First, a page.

One of the biggest fears of pretrial release is that criminal defendants who get out of jail will commit new crimes.
In the year after Clatsop County created a pretrial release policy that takes a scientific approach to measuring risk, the initial data is reassuring.
From September 2017 through August, 4.1 percent of defendants who were released pending trial committed new crimes, and the figure dropped to 1.5 percent over the past few months.
More defendants are also showing up for court. The failure to appear rate for the first year was 27 percent, the county estimates, down from 32 percent.
"It shows that the decisions we're making are pretty good," said Lt. Matt Phillips, the jail commander.
The new policy has yet to make a difference in the high share of inmates who are in custody awaiting trial — about 70 percent — but it has started to relieve pressure on overcrowding at the 60-bed jail in Astoria.
The county was forced to release 324 inmates because of overcrowding from September 2017 through August, down from 573 inmates the previous year. The inmates who get out because of overcrowding, compared to defendants who are screened for pretrial release, often pose greater risk of committing new crimes or missing court dates.
"So it's working," Judge Paula Brownhill, the presiding judge of the Circuit Court, said.
Burdened by an overcrowded jail, and concerned that too many defendants are locked up before trial, Brownhill ordered the pretrial release policy in September 2017.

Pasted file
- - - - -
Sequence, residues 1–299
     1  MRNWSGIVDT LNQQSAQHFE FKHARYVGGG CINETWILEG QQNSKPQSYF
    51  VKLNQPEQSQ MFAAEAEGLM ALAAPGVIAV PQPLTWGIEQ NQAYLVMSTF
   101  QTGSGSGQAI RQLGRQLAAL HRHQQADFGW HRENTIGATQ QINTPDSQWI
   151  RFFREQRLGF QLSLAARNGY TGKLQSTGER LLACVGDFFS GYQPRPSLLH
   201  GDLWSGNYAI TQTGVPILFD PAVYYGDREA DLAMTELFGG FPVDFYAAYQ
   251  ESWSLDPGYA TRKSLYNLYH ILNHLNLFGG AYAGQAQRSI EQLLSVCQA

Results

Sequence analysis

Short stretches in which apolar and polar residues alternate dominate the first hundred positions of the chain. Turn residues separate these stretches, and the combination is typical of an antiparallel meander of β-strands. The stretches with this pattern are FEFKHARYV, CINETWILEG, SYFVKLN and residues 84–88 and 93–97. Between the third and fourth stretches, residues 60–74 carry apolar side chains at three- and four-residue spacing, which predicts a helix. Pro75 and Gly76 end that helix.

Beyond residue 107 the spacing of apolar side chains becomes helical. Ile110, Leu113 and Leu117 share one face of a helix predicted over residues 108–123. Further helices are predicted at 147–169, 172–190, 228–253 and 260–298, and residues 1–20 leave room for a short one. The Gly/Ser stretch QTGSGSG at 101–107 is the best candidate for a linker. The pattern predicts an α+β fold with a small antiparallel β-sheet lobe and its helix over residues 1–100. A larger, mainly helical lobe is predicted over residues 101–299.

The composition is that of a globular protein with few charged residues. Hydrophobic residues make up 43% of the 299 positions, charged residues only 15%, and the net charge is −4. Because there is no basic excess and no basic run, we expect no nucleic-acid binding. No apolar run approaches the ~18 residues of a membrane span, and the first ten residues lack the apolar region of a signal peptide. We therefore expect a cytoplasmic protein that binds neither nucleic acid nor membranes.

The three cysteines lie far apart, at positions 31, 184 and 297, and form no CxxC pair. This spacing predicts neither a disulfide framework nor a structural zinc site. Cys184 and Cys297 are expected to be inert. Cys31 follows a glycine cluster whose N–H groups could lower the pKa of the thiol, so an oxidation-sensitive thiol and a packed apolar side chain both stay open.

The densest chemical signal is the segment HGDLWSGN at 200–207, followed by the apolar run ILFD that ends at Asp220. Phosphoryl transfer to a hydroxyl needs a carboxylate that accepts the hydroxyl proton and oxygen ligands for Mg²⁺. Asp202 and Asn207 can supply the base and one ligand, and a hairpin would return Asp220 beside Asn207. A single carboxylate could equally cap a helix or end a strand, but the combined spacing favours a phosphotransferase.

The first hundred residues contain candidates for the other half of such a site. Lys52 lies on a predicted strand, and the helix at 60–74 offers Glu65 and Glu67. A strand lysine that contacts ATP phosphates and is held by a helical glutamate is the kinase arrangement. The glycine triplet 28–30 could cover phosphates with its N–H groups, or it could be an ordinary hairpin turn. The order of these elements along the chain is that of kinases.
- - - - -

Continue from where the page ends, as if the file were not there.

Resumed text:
The judge had formed a work group to come up with ideas in response to the county's comparatively high use of state prison for drug and property crimes. The state, in an initiative known as justice reinvestment, provides incentives to counties to supervise more defendants locally through jail and probation to help contain more expensive prison costs.
Under the policy, a pretrial release specialist uses risk assessment tools to screen defendants and does interviews to determine whether they have jobs, housing and relationships to tie them to the community. The specialist makes recommendations to the court at arraignment about whether defendants should be released or held in custody while their cases are being resolved.
When defendants are released, an alternative custody deputy monitors whether they are meeting the conditions of their freedom, which, depending on risk, can include checking in with the sheriff's office, drug and alcohol tests and electronic monitoring. The deputy also calls or texts them about upcoming court dates.
"The jail is a finite resource and the pretrial program has allowed us to better identify and keep in custody those who pose the greatest risk to the community," Phillips said in an email.
Before the policy, the court mostly relied on a defendant's criminal history when evaluating risk.
"We're taking a lot fewer chances with the pretrial release guys, because they can verify whether the person even has a place to stay, whether the person has a job," District Attorney Ron Brown said.
By using a combination of the risk assessment score, and information learned from interviews, the court gets a more complete picture, which can be important given that many defendants are struggling with alcohol and drug abuse or mental health issues.
"So I like it. And I like the guys that are doing it — they're cops," Brown said. "We get way more information than we used to get."
Research has shown that low- to medium-risk defendants face escalating consequences — like losing a job or an apartment — the longer they stay in jail while their cases are being heard. But the risk that defendants will commit new crimes or not show up for court increases the longer they are free before their cases are resolved.
A new criminal docketing system is expected to speed up the process. The time between arraignment and the next court date will shrink to weeks, instead of months.